MANHATTAN — As they linked arms at midfield and jogged into the locker room, Kansas State football players were met with a euphoric reaction from their fan base Saturday at Snyder Family Stadium.
Just about everyone who came out for the game was still there cheering, and a dedicated group of purple-clad supporters went especially nuts when K-State players tossed their wrist bands into the crowd.
Having just watched the Wildcats maintain their first-place status in the Big 12 North by defeating Colorado 20-6, souvenirs definitely seemed in order.
Kansas State is now 5-3 overall and 3-1 in conference play. It is its best league start since 2000. And with Nebraska losing unexpectedly at home to Iowa State and Kansas falling to Oklahoma, its lead on the rest of the division feels stronger than ever.
But K-State coach Bill Snyder was in no mood to soak up the festive atmosphere. As soon as the locker room doors closed behind his team and they were all alone, he told them just how far away they are from truly being contenders in the league race.
"It's not about being 3-1," he ranted. "It's about whether your football team gets better. That hasn't changed, and we didn't get better."
Taking the pessimistic approach is nothing new for Snyder. But there was something different about him after this win. Instead of calmly going over his team's setbacks during his postgame news conference, he angrily addressed questions of being in first place and even slammed his hand on the podium in front of him for emphasis.
He used phrases like "it stunk" to describe K-State's offense, which threw for 80 yards and amassed 284 total. And he answered a question about leading the Big 12 North by saying it meant nothing at all.
"If that was the only deal I'd be a happy camper in here and we'd be all smiles," he said. "I'd be saying all kinds of nice things, but that's not what we're about. That's not what we're trying to be about. I don't want us to feel good about playing poorly."
To be fair, K-State only played poorly in one phase of the game — offense. Even then, junior running back Daniel Thomas churned out 145 yards and a touchdown on 20 carries. The Wildcats scored 20 points in the first half and took a 14-point lead into the locker room.
They didn't score again, but with K-State's defense playing at a high level, allowing 244 yards and pitching a shutout for the last three quarters, no more points were necessary.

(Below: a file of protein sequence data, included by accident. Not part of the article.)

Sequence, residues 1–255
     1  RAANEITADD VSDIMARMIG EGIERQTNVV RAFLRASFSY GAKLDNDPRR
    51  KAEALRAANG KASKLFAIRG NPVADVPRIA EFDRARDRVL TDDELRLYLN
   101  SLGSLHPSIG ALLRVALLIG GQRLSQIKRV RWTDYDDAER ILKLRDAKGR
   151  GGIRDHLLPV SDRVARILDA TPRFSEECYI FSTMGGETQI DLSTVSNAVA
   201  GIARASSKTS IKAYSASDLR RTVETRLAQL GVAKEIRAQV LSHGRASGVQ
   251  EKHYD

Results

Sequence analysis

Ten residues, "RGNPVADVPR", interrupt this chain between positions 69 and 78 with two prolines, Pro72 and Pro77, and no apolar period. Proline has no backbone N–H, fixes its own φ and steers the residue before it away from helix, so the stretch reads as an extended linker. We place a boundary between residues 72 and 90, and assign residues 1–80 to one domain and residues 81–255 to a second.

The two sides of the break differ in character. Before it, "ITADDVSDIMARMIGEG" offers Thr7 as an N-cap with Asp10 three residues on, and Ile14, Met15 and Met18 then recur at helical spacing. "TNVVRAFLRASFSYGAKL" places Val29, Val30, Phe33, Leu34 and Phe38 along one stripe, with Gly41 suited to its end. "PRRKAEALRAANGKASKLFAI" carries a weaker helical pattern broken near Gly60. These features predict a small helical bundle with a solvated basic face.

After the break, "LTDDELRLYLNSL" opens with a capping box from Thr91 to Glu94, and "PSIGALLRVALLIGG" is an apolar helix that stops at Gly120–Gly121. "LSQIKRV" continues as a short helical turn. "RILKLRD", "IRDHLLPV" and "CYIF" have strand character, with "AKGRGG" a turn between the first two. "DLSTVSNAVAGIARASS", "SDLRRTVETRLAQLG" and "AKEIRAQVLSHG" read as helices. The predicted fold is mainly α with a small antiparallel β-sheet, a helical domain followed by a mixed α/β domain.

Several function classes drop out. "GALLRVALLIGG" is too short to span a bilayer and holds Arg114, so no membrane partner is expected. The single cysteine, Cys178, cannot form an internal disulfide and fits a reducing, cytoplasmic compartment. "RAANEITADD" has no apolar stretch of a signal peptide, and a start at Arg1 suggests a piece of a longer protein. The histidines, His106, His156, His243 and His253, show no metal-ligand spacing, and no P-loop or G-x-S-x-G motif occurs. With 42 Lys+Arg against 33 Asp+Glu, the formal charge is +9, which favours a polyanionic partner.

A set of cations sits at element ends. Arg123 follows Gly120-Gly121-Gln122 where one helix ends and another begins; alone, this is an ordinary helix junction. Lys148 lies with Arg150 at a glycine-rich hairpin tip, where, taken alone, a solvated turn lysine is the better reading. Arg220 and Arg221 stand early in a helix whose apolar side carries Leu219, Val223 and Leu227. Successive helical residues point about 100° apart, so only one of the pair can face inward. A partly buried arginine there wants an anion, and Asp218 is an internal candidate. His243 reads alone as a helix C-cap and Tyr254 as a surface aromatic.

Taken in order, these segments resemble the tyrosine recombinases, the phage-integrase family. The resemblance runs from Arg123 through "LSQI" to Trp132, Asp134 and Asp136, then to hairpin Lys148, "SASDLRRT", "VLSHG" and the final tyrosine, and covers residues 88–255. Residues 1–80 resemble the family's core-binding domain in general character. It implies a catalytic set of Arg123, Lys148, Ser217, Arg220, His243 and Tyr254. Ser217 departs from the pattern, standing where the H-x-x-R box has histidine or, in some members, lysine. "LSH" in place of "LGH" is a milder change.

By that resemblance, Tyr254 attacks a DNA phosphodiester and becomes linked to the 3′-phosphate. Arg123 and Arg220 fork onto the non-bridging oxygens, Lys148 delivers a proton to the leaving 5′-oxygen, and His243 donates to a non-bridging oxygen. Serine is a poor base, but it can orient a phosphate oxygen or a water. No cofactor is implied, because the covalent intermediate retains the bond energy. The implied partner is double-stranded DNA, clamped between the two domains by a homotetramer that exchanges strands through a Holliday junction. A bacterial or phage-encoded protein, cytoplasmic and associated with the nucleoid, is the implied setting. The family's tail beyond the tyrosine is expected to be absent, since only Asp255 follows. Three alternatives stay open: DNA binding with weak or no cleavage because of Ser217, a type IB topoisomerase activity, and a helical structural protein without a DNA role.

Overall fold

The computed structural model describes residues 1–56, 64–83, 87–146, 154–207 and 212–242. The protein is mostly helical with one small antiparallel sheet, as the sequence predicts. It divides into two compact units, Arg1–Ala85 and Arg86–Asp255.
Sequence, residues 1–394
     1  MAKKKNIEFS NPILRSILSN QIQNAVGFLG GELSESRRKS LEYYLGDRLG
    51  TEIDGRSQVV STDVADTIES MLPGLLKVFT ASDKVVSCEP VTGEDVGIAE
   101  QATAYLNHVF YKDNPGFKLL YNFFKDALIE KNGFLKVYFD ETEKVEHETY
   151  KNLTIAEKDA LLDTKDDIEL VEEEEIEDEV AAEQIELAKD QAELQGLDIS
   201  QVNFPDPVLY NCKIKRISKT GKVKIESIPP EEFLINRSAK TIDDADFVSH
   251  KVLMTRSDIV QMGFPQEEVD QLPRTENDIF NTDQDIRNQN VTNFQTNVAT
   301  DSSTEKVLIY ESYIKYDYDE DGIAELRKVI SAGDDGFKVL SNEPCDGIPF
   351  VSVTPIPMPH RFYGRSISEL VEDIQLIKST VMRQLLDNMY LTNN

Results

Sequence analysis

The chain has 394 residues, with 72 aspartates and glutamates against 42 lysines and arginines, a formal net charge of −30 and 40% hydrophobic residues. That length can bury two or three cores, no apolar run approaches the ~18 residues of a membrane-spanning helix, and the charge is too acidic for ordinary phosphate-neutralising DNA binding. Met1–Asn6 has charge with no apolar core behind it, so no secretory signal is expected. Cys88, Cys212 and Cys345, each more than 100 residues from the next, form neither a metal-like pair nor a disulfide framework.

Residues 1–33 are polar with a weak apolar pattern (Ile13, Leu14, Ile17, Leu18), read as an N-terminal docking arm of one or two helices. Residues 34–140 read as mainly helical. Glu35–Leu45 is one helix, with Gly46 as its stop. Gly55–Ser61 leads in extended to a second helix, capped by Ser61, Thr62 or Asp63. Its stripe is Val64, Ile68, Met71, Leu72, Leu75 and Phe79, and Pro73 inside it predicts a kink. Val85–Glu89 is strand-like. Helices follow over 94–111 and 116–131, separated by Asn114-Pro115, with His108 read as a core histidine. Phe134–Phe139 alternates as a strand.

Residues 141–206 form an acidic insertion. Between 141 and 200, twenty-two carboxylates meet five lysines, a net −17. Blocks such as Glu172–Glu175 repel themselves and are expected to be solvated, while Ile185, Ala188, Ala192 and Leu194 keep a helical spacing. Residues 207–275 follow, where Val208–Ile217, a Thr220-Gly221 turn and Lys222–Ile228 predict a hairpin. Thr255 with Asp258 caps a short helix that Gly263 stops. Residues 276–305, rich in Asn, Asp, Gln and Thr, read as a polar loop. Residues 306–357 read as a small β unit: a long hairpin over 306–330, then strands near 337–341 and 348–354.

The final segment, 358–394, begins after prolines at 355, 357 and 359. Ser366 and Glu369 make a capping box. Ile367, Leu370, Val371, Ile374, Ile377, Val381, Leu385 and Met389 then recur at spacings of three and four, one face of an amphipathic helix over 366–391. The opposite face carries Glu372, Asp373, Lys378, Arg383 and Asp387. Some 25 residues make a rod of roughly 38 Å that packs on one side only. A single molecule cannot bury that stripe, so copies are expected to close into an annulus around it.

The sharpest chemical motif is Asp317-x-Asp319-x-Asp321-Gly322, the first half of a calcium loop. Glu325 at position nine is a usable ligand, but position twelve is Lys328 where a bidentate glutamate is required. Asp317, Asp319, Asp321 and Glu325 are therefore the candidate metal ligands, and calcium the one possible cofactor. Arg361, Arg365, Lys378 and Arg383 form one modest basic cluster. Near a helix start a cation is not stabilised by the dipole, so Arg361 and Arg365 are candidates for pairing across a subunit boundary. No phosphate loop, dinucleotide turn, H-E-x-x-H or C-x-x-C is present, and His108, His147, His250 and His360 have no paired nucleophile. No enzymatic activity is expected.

But to Snyder, that's not enough. With a tough road trip to Oklahoma coming up next week and three more difficult games after that, he knows it will take a complete effort for his team to win. It will take a passing game.
Senior quarterback Grant Gregory realizes that, too. He also understands that Snyder is hard on them because he sees potential in this group. So he wasn't surprised by Snyder's anger.
"We owe this one to the defense today," said Gregory, who completed 9 of 18 passes for 80 yards. "We came out in the second half and didn't do very much."
Wide receiver Attrail Snipes, who caught two passes for 33 yards, said, "The defense played well, but the offense was embarrassing."
Kansas State's defense was, indeed, top notch.
Colorado struggled so mightily against the Wildcats that in between a 71-yard touchdown drive to start the game and a 94-yard closing drive that ended with no points, it gained 79 yards on 11 drives. During their middle 11 drives, they crossed midfield zero times.
Sophomore quarterback Tyler Hansen and his scrambling ability did nothing. A week after leading Colorado to a win over Kansas, he threw for 89 yards and rushed for negative eight.
K-State junior safety Emmanuel Lamur, who recorded five tackles and made two interceptions, said the defensive gameplan was done to perfection.
"We executed and we won," he said.
Snyder was complimentary of K-State's defensive effort. In particular he praised Lamur and senior defensive end Jeffrey Fitzgerald, who came up with 1 1/2 sacks despite sitting out practice all week with the flu.
"I thought our defense played extremely well," he said. "... We had three or four guys out there on the defensive side of the ball that didn't practice all week with all this flu stuff going around. They came back and played lights out. I'm awful proud of them."
Senior offensive lineman Nick Stringer is proud of them too. After the game he was asked if K-State could go on and win the Big 12 North.
His answer was similar to Snyder's, just without the anger.
"If our defense keeps playing the way they've played the last couple games, and we clean up a couple mistakes and penalties on offense, definitely."